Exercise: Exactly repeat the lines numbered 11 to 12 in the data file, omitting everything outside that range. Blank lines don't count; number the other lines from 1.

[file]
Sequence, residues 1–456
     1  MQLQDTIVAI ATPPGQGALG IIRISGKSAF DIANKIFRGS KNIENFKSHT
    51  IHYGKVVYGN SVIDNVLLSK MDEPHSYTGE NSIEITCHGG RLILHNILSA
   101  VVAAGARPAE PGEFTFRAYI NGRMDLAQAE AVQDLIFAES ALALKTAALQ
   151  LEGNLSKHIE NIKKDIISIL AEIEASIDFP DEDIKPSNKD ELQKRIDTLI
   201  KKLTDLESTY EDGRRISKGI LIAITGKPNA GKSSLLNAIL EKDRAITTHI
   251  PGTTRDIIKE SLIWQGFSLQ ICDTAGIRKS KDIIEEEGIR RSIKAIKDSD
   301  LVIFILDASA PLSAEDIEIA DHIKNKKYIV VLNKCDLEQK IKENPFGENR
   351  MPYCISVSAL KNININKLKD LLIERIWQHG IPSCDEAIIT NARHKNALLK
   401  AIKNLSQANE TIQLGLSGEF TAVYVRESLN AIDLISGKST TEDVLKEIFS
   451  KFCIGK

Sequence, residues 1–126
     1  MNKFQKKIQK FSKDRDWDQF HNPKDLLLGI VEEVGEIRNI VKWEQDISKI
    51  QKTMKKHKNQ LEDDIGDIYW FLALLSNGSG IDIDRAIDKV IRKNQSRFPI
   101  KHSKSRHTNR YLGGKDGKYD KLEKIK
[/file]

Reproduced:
   451  KFCIGK

Sequence, residues 1–126